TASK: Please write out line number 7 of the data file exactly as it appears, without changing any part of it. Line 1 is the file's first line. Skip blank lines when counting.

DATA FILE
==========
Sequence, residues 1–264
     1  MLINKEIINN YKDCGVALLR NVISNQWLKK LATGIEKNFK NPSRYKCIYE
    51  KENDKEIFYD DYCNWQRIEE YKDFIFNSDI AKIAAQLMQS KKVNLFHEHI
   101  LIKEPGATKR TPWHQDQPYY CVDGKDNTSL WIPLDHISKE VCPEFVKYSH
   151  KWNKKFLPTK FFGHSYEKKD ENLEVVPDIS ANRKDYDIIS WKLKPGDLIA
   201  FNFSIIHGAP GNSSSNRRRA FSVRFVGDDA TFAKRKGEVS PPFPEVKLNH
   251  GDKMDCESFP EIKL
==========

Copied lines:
   251  GDKMDCESFP EIKL